David Slack: NZ First and its inscrutable leader Winston Peters

12:16 pm on 26 November 2019

Opinion - Winston Peters has asserted many times that he didn't leave the National Party, the party left him.

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Photo: RNZ / Dom Thomas

Look at the two of them, 30 years on. Strangers, in many ways.

New Zealand First prizes enterprise but won't necessarily say no to a bit of protectionism; is particular about older New Zealanders; is determined to protect and preserve our existing way of life, no matter how little sense that might make.

National likes free trade, free markets, and long walks on the beach with leaders of Communist China.

The one thing they seem to have in common is a fondness for elegant opacity in political funding.

Let us be clear on this legal question: both parties assert there is no fault whatsoever in the way they gather political donations and report them. The National Party looks forward to having this confirmed in its present Serious Fraud Office investigation. New Zealand First is adamant the Electoral Commission will conclude, after investigating questions about loans made to the NZ First Party by the New Zealand First Foundation trust, that nothing is out of order.

It can be hard to make questions go away about the source of your funds. It can be extremely hard to run for office without any.

Maybe one day political parties will no longer need hundreds of thousands of dollars to mount a campaign. Maybe that day is near. In this dystopian media landscape where a politician can put anything you like on Facebook and they'll wave you through, you can go viral for vastly less than the sort of money it cost to make a dancing cossack TV commercial.

What political party would rather not have to go through the grind of getting people to put their hands in their deep pockets on the understanding they will be getting absolutely no pro for their quid?

If a property developer were to make a donation to a trust that then made a loan to a political party that then voted against a capital gains tax, surely it's obvious: that doesn't mean anyone did anything wrong. But this is the sort of inference some people will draw, especially if they are "journalists" or "psychos".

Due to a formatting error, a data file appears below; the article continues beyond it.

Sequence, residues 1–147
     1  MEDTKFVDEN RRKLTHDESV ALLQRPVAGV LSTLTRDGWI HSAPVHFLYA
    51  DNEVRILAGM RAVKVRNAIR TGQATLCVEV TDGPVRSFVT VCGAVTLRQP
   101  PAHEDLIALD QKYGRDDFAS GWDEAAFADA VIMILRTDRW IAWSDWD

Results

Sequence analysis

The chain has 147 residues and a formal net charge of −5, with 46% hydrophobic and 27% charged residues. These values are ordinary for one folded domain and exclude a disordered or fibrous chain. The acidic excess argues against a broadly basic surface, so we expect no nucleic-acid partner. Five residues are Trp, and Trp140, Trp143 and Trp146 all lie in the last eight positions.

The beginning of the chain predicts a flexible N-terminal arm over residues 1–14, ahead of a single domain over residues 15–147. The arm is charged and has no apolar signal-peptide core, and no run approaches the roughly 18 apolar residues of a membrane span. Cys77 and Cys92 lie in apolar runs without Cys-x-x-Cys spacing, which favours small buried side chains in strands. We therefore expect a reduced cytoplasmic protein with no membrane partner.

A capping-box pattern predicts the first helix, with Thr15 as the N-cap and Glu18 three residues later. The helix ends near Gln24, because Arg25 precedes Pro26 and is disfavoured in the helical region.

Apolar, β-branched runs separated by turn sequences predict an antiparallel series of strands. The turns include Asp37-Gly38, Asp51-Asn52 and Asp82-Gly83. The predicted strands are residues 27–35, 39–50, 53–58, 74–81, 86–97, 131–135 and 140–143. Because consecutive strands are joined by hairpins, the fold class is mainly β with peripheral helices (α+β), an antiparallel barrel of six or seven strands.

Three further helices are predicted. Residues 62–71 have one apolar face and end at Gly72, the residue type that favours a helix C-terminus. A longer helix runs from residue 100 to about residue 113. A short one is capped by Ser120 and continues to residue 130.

The same thing holds for the appointment of directors to boards, and the making of funding applications. This month we learned that a forestry company with close links to New Zealand First had applied, without success, for a $15 million loan from the Provincial Growth Fund, which of course is overseen by NZ First minister Shane Jones.

The company in question is New Zealand Future Forest Products. Brian Henry, lawyer for Winston Peters and judicial officer for the New Zealand First party, is a founding director. His son, David Henry, is another founding director and the company's managing director, and Winston Peters' partner Jan Trotman was made a director of the company in August.

It was set up in March, and was soon getting applications into the system for a $15m loan from the Provincial Growth Fund and also funding from the billion trees project.

The Provincial Growth Fund bid was in due course considered and rejected by Labour ministers after Shane Jones recused himself from the process.

Why you wouldn't want to get out, as comms advisers like to say, in front of that story is puzzling. Especially given that what emerged about New Zealand Future Forest Products once the requisite press releases and website belatedly appeared, was a pretty positive story about talented young New Zealanders coming home after doing big things in the world and seeing if they might apply their expertise to an enterprise with excellent 21st century green credentials. The plan is to add value to local timber rather than shipping out raw logs. Jobs, exporting sustainability. What's not to like?

There is the Caesar's wife thing, of course. Even if your ends are admirable and it's all above board, there are questions about proximity and influence that might be provoked, so why would you not anticipate those questions and address them?

But the most obvious and direct route tends to be the one less travelled by Winston Peters.

Perhaps his enigmatic and inscrutable intent here has been to function as a sort of pathfinder; to lead us to revelation.

For example: political funding reform. By presenting us with a confounding spectacle of contortions in trust donations, is he leading us towards saying "there must surely be a better way for political parties to be funded, what is it?"

By leading us into the world of regional development funding, is he ensuring we get to see just how robust the system is? And is he also perhaps piquing our interest in the green economy?

With Winston Peters, everything can seem opaque. But perhaps he simply understands that we still have much to learn.

* David Slack is an author, columnist and speechwriter. He was speechwriter for prime ministers Geoffrey Palmer and Jim Bolger.

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